By reanalyzing the gene expression profile GSE76925 in the Gene Expression Omnibus database using bioinformatic methods, we attempted to identify novel candidate genes promoting the development of emphysema in patients with COPD.
According to the Quantitative CT data in GSE76925, patients were divided into mild emphysema group (%LAA-950<20%, n=12) and severe emphysema group (%LAA-950>50%, n=11). Differentially expressed genes (DEGs) were identified using Agilent GeneSpring GX v11.5 (corrected P-value <0.05 and |Fold Change|>1.3). Known driver genes of COPD were acquired by mining literatures and retrieving databases. Direct protein–protein interaction network (PPi) of DEGs and known driver genes was constructed by STRING.org to screen the DEGs directly interacting with driver genes. In addition, we used STRING.org to obtain the first-layer proteins interacting with DEGs’ products and constructed the indirect PPi of these interaction proteins. By merging the indirect PPi with driver genes’ PPi using Cytoscape v3.6.1, we attempted to discover potential pathways promoting emphysema’s development.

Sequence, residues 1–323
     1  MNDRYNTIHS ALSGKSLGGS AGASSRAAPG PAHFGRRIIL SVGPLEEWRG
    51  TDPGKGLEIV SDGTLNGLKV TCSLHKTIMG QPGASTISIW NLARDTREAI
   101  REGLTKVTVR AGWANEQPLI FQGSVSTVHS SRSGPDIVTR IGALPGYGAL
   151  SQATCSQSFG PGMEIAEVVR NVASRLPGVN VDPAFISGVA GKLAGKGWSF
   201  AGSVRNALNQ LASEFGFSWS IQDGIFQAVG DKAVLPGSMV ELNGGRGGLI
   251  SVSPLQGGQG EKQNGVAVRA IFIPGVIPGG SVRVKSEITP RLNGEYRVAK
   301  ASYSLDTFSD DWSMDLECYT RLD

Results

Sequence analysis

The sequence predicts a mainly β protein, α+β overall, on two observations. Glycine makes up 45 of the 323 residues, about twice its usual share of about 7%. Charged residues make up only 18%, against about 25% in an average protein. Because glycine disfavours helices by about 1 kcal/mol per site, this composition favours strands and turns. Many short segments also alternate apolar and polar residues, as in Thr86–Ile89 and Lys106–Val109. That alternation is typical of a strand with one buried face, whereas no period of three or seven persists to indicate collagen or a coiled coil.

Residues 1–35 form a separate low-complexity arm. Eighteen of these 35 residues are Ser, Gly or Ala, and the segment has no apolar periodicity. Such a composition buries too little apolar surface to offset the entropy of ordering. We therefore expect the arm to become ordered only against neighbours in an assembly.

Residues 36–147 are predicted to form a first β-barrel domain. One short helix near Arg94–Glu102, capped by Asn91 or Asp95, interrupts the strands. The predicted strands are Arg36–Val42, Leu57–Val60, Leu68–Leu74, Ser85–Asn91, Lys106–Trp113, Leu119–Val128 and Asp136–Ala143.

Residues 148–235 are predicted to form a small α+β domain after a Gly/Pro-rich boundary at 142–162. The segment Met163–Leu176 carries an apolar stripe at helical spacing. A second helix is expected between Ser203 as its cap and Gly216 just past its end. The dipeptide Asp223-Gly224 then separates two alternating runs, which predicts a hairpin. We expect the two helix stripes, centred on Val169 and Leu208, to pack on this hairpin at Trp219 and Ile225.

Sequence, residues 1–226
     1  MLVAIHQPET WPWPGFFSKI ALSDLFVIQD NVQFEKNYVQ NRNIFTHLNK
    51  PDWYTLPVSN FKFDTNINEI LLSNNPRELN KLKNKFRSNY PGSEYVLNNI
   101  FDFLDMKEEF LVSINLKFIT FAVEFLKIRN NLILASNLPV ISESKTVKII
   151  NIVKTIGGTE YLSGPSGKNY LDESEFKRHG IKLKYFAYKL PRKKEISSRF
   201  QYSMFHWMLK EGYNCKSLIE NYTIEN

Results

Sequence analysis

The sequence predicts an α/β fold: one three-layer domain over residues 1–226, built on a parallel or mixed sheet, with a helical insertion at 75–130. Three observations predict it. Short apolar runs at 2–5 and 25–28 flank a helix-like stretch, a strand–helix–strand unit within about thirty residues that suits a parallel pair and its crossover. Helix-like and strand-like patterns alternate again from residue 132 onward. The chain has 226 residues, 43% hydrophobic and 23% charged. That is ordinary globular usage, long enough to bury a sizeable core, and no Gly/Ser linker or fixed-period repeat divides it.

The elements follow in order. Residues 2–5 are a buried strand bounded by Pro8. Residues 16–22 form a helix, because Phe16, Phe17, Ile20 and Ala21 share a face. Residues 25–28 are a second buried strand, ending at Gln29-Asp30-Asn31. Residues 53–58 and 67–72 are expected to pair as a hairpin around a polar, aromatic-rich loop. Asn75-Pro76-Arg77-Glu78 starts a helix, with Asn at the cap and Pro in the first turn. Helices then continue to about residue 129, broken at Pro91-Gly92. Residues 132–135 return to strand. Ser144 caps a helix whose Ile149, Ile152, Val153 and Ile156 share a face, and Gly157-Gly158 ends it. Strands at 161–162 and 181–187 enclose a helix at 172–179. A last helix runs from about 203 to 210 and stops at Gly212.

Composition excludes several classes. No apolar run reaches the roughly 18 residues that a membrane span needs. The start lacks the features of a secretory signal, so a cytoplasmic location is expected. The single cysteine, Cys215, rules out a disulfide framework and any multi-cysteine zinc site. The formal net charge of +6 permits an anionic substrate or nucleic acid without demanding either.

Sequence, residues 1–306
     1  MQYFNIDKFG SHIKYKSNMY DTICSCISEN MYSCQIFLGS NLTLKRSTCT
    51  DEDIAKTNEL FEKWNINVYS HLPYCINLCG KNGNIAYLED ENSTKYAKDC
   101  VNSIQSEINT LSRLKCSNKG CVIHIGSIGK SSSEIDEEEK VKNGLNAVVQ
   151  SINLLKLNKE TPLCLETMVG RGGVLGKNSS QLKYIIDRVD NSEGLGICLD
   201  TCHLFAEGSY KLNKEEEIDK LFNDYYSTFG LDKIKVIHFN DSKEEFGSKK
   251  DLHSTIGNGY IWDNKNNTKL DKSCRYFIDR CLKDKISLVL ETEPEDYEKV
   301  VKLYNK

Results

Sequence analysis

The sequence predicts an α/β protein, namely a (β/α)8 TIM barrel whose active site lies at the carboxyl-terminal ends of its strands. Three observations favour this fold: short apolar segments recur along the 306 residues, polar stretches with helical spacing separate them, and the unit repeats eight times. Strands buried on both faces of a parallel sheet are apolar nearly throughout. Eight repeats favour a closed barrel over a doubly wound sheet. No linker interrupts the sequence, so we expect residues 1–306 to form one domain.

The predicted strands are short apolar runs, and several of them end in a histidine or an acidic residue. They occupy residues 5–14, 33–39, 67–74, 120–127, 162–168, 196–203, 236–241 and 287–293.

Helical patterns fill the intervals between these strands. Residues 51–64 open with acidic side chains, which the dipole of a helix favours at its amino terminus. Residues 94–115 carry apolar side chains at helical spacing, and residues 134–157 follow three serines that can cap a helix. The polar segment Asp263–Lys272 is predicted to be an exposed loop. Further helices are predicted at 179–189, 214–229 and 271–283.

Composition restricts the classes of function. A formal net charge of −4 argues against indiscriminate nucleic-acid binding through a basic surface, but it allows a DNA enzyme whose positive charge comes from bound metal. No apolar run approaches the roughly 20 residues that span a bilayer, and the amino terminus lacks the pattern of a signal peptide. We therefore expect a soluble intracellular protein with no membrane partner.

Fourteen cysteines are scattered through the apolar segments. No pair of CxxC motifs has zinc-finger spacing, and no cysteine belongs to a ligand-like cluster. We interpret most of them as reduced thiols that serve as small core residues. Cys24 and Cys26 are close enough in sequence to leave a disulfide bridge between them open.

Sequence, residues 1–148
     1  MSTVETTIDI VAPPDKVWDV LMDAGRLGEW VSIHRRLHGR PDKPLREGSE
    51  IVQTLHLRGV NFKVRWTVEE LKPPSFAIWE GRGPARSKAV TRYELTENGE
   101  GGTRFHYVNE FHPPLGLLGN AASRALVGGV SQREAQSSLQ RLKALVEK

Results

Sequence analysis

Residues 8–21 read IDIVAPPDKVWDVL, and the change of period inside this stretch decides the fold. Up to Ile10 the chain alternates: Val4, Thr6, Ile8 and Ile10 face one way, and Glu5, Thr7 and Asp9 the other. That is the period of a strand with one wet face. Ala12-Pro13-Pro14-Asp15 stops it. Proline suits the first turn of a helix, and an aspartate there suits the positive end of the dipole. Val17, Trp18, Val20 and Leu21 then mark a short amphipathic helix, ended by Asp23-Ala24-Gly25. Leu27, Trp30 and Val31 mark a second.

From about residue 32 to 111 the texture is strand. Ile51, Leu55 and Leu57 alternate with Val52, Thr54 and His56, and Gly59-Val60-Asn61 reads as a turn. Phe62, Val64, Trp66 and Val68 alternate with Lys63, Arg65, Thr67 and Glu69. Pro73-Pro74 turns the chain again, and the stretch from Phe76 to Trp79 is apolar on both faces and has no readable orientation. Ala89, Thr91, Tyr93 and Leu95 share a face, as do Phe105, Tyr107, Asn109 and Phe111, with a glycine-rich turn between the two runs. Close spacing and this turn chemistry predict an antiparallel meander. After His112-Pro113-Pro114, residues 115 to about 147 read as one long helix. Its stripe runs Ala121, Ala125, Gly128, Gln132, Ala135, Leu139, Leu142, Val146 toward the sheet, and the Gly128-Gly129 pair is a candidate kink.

All the patients had COPD with severe airflow limitation (age=62±8, FEV 1%=28±12). A total of 57 DEGs (including 12 pseudogenes) and 135 known driving genes were identified. Direct PPi suggested that GPR65, GNB4, P2RY13, NPSR1, BCR, BAG4, and IMPDH2 were potential pathogenic genes. GPR65 could regulate the response of immune cells to the acidic microenvironment, and NPSR1’s expression on eosinophils was associated with asthma’s severity and IgE level. Indirect merging PPi demonstrated that the interacting network of TP53, IL8, CCR2, HSPA1A, ELANE, PIK3CA was associated with the development of emphysema. IL8, ELANE, and PIK3CA were molecules involved in the pathological mechanisms of emphysema, which also in return proved the role of TP53 in emphysema.